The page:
The Silchester VillageSign and its meaning
The Kestrel - local bird of prey a permanent inhabitant of the Common and representative of the wide diversity of animal species around the village and common.
Ears of Wheat – this aspect of the sign recognises the importance of the local farming community in the history and development of the village through the ages.
The Orchid and poppy – representative of the many species of orchids (some increasingly rare ones) to be found on Silchester Common (part of the SSSI) and of the wide range of wild flowers found around the village and the Common
The Church – St Mary The Virgin Parish Church, erected on a site with history dating back to pagan worship pre Christianity. The church building as it exists today is largely thought to date back to the 12th Century.
The Yew tree located in the church yard at St Mary The Virgin is believed to be over 400 years old. Yew trees were often found in village communities in history – behind a boundary wall, in order to prevent their being eaten by free roaming cattle, since their leaves are highly poisonous.
The Wall – the oldest part of the history and origins of Silchester as a settlement for over 2000 years. The walls were built by the Romans for defensive purposes around a major market town – Calleva. Even today, in places the walls survive remarkably intact and up to 4m high.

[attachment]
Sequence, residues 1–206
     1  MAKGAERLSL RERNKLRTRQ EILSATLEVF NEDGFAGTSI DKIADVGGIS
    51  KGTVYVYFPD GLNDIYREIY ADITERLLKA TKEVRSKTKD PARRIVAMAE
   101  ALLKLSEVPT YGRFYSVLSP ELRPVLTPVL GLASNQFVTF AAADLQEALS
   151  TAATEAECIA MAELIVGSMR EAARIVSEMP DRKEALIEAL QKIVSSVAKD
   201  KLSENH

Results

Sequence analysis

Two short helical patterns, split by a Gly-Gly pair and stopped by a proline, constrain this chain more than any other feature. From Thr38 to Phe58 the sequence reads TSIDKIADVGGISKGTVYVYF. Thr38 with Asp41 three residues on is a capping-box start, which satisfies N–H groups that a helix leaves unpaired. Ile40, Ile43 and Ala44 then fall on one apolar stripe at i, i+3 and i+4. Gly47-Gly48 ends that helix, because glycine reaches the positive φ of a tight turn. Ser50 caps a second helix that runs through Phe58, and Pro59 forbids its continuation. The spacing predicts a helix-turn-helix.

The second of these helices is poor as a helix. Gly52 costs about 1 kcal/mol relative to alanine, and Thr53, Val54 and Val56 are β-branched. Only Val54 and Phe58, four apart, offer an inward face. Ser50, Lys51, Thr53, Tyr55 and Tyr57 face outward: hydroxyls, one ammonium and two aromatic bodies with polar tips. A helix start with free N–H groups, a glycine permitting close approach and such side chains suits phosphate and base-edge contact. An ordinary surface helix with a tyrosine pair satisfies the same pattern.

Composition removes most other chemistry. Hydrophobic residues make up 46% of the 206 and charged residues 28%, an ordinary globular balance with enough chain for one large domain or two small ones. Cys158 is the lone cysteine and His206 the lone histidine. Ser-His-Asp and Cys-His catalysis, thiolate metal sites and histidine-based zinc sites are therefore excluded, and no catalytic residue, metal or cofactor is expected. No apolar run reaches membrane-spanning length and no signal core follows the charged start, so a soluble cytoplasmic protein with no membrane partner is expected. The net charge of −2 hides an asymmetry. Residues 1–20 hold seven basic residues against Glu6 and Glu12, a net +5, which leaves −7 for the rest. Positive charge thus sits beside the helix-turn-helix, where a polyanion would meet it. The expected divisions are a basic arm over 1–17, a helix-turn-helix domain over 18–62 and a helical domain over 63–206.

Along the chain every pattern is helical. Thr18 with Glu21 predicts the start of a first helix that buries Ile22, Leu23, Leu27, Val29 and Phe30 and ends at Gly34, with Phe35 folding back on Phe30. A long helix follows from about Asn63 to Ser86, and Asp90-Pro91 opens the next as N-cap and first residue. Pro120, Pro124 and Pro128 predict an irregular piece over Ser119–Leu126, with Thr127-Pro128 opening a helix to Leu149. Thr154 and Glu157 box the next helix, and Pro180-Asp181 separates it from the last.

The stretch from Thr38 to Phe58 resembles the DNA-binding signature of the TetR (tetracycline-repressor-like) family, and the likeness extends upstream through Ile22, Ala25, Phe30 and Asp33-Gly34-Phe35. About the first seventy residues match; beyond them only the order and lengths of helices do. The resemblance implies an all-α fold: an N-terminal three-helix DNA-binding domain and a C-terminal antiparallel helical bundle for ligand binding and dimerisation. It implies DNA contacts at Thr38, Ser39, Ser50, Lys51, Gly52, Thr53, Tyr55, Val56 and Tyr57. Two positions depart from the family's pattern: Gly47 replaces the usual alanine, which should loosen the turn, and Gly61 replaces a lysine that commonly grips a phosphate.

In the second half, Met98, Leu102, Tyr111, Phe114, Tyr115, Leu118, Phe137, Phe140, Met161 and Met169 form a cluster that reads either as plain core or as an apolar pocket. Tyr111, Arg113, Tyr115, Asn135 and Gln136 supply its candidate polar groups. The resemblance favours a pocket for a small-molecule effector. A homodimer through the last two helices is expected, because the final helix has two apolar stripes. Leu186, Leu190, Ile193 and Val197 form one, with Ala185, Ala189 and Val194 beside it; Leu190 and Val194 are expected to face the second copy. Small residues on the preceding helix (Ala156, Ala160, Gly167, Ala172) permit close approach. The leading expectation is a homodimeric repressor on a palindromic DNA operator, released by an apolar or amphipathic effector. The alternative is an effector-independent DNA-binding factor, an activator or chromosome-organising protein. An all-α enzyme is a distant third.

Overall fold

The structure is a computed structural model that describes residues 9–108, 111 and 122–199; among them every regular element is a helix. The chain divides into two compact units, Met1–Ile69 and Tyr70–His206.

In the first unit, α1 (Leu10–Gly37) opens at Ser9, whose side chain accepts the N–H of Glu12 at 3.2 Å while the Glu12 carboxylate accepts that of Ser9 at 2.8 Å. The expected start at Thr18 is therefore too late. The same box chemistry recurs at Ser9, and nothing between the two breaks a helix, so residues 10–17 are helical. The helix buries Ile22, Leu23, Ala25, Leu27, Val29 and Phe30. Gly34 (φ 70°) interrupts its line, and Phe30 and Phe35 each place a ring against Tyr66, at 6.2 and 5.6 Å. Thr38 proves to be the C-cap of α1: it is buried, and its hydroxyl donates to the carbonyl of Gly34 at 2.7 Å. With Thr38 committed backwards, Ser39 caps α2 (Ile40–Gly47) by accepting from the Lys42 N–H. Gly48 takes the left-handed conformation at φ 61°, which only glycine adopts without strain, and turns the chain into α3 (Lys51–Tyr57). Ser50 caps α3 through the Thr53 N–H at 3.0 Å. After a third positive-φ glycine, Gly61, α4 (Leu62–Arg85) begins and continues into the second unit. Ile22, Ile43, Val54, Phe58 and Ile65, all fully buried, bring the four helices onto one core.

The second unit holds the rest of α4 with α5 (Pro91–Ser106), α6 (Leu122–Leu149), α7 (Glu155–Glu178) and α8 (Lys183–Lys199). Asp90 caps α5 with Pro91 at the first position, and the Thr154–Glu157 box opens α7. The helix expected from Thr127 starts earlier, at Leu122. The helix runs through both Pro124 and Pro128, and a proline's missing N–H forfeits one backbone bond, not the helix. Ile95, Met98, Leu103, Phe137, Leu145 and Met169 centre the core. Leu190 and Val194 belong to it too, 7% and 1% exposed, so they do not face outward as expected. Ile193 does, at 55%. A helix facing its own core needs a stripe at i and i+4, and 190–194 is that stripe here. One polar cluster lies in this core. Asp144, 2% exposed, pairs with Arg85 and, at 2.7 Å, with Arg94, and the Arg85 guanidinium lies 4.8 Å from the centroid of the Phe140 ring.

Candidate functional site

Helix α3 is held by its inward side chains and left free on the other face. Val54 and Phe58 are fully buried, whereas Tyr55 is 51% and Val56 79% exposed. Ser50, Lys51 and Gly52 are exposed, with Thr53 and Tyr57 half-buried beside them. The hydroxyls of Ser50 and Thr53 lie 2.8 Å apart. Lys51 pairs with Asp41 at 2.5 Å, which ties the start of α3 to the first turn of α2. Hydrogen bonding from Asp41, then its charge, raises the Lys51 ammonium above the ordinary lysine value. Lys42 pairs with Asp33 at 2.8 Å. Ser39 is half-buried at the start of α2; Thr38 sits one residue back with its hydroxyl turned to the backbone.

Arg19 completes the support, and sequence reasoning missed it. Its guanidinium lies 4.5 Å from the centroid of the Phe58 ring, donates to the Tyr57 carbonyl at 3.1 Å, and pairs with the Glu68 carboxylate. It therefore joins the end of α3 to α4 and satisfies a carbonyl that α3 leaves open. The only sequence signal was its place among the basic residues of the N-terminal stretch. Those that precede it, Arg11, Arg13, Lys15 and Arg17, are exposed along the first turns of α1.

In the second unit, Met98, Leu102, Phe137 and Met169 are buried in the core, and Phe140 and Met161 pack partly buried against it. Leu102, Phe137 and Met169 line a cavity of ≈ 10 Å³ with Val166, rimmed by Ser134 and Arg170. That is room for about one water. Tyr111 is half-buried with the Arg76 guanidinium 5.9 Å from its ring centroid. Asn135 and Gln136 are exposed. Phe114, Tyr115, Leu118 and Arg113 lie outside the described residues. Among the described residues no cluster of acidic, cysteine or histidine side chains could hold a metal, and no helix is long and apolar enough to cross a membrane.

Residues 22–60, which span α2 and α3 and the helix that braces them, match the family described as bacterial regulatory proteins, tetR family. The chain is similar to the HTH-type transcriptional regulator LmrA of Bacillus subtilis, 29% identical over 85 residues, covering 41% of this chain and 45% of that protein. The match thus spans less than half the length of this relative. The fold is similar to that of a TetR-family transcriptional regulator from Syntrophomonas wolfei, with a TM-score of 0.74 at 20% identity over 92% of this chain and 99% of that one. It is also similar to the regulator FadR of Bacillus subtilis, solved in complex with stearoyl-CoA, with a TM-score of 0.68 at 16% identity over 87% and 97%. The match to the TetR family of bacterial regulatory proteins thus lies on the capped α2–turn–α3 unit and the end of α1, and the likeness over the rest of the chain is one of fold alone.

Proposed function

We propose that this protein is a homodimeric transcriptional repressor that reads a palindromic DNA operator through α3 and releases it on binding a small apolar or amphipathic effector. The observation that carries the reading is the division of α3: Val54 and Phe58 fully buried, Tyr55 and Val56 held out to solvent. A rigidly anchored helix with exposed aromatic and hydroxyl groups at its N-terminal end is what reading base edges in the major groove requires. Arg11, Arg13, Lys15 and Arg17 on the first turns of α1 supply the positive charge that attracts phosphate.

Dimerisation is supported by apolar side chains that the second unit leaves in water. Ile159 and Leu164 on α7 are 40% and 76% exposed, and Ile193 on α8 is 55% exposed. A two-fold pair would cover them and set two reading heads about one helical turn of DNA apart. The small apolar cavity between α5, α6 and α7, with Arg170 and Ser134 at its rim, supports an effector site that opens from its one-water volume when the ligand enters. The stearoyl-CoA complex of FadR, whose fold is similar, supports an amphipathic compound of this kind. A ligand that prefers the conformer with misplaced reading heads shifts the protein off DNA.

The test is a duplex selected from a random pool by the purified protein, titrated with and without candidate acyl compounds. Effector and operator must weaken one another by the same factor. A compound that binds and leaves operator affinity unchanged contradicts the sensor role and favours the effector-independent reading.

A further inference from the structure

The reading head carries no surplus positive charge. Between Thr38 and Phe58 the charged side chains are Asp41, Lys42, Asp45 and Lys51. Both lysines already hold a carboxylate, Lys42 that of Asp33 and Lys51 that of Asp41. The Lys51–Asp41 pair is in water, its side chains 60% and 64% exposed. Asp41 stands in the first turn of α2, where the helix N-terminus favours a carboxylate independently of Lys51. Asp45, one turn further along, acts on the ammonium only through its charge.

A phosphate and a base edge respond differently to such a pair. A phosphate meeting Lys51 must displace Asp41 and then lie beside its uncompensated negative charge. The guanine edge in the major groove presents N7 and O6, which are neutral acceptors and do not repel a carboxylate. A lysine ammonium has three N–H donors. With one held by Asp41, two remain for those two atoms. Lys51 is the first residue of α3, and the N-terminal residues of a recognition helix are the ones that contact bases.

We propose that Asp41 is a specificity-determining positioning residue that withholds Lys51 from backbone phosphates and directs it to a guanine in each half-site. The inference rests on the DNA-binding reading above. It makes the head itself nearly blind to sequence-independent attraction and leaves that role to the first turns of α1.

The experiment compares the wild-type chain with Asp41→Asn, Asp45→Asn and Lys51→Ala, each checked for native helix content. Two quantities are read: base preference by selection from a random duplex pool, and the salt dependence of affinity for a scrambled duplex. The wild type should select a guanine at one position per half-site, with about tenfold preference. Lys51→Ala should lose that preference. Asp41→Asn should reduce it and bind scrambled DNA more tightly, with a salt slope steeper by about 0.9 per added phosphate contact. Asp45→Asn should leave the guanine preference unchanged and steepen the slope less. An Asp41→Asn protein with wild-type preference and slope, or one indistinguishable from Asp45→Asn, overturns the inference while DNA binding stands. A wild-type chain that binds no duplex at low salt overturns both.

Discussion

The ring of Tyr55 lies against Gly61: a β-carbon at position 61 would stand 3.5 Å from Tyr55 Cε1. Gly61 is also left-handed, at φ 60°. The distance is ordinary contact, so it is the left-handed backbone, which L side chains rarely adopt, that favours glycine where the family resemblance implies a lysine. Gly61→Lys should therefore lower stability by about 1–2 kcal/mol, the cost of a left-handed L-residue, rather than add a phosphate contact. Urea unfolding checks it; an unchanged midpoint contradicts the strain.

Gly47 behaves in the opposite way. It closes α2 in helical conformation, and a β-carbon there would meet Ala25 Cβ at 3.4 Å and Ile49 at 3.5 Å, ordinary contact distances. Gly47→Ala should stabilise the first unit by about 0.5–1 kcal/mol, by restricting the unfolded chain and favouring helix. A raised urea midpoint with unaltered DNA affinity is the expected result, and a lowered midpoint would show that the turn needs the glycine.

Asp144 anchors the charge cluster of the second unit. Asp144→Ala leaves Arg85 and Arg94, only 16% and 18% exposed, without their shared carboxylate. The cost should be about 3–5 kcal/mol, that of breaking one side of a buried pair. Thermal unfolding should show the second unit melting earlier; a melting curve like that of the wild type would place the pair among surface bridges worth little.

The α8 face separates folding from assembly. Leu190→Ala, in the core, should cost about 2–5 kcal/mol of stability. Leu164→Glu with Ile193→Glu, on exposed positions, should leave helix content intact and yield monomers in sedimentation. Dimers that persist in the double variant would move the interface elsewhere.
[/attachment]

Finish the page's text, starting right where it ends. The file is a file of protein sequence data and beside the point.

Please note that if you visit the wall, the car park has a 1.8m high entry height barrier. This can be removed to allow coach and minibus access but you will need to ring 01189 700132 at least 48 hours prior to your visit to arrange this.
The Pond and Bullrushes – Silchester and the surrounding Common sit on a geology comprising predominantly gravel, flint and clay. The ponds form where clay lenses allow water to collect and stand. Bullrushes can be seen at some of the permanent and ephemeral ponds around the village.
The sign was constructed and erected in June 2000 with funding through the BDBC Millennium Grants scheme.